(Cross-posted from the Action NC blog)
I have decided that it’s time to replace my car. It’s a clunker, to say the least. With more than a decade on the road and well over the 100,000 miles on the odometer, the old girl is just starting to fail. My car has become so unreliable, in fact, that I thought it might be a good idea to figure out how I would get to work if one morning my car just decided not to start.
Every wonder how you would get to work if you didn’t have a car? The short answer is that you probably wouldn’t. And if you could, it would take you a long, long time to get there.
To go from my home in North Raleigh to my office in Downtown Raleigh, it takes roughly twenty minutes to drive the roughly ten miles. To take the bus, the only available form of public transit in Raleigh (or almost anywhere in North Carolina, if it’s even available) it would take more than an hour and a half, in the best case, assuming no traffic and no late buses. And I’m lucky – I’m within walking distance to a bus stop, and there is a bus stop very close to my office. If you had to walk more than half a mile on either side, the time would be even longer. The real problem is that many areas – areas with good jobs – aren’t even accessible via bus. My wife can’t even take a bus, any bus, to her job in RTP, because the routes don’t move in that direction from our home.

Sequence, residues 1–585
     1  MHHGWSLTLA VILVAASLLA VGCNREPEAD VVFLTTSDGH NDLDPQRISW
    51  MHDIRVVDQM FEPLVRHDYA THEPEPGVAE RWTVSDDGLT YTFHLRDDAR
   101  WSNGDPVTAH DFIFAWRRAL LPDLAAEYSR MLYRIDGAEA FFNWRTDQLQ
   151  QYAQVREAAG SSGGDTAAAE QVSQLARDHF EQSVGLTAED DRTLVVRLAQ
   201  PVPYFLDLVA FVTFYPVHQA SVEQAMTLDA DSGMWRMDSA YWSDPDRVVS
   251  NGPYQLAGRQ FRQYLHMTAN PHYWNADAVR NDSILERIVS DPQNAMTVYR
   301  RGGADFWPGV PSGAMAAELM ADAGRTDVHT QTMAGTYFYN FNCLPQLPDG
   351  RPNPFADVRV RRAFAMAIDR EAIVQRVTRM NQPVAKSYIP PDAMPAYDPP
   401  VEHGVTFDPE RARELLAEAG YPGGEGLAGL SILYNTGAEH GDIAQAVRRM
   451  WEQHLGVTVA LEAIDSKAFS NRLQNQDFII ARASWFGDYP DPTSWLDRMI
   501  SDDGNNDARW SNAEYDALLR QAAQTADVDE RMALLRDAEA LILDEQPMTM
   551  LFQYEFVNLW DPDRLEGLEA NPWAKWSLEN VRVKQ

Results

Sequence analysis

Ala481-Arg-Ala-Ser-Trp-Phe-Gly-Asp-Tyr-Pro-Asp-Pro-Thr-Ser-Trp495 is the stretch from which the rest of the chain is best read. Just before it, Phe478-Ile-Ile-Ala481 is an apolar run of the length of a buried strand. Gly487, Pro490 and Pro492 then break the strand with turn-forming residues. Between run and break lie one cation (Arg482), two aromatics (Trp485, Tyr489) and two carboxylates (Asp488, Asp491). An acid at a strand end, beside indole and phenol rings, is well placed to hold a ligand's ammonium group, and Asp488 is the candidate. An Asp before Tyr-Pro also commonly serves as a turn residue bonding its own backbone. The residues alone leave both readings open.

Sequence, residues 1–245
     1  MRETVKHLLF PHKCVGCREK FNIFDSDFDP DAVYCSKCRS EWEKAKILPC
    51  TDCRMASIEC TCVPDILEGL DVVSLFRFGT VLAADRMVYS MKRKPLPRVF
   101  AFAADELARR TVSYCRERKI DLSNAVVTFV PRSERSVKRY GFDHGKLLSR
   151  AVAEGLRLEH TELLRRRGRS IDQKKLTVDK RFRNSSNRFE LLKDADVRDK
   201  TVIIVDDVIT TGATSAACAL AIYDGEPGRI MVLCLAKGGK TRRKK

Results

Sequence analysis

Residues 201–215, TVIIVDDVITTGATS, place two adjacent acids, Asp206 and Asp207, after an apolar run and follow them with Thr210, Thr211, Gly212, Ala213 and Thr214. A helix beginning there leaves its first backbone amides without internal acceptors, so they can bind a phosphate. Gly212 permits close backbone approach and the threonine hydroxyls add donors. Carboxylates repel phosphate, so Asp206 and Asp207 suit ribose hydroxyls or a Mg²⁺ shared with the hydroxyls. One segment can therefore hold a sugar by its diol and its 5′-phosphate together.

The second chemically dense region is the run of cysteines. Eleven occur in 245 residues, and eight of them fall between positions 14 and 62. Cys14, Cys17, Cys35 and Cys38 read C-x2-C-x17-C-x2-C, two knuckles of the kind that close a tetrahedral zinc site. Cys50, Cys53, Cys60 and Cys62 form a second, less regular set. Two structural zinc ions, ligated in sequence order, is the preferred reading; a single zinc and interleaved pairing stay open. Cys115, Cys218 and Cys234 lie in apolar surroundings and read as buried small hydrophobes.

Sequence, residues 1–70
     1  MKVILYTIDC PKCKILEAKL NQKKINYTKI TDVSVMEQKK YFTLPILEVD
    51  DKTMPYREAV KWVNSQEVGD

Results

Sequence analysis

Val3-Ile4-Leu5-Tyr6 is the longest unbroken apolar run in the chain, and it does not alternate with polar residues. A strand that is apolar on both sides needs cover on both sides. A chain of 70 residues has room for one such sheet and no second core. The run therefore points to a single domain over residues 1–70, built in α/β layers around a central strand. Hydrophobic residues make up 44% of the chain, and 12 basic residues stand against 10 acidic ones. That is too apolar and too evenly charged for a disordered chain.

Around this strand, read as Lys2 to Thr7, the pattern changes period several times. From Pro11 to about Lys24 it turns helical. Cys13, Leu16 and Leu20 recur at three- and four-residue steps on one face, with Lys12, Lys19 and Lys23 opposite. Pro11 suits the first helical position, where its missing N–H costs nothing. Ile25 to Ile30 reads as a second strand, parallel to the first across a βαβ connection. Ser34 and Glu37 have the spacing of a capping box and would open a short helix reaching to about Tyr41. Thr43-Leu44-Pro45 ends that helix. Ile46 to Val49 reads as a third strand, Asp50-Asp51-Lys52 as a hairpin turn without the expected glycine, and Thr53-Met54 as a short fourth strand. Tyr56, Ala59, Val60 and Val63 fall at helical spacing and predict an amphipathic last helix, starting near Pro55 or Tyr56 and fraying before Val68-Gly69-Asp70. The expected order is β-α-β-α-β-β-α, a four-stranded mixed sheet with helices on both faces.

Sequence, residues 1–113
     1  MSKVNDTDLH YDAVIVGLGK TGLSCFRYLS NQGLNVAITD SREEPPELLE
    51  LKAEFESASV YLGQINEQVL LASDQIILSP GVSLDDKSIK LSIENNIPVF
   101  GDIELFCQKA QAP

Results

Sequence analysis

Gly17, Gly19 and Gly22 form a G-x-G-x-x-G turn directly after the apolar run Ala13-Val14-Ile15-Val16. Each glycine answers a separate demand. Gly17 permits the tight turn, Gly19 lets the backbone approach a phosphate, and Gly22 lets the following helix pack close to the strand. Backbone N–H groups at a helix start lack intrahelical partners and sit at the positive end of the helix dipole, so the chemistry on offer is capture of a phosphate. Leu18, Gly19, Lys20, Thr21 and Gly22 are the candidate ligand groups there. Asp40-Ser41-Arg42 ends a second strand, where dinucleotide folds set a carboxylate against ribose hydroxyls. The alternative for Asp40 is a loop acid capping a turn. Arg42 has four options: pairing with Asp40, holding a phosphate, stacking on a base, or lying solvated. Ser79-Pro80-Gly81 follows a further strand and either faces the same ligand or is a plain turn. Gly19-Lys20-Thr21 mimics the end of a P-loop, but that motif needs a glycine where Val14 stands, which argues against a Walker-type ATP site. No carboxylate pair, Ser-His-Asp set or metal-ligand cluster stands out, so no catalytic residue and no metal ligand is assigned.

So, to those who say we don’t need a commuter rail system, I say you have never had to worry about your car breaking down. Or not having a car. Or you just don’t care about those of us who do.
Thankfully, Durham County residents will have the opportunity to vote on a referendum next week that will take the first step in implementing a real transit system for the Triangle. You know, the region that is expected to see more than 1 million more people move here in the next twenty years? The place that a recent study of traffic congestion found that congestion in a single year resulted in over 18 million hours of travel delays and 11 million gallons of excess fuel consumption, with the combined cost of those inefficiencies estimated to be $346 million?
You know, the place otherwise known as our home?
A regional public transit system is not a luxury – it is a necessity. If you think a rail system is expensive, just think about a million more cars on the already crowded roads and all the gas you will be burning while inching along I-40. How about a million people who are ready and able to work, to be productive, tax-paying members of the community, but can’t get to work because they don’t have cars or worse, can’t afford to gas up the ones they already own?
Don’t you think a half a cent sales tax increase is worth avoiding all of that?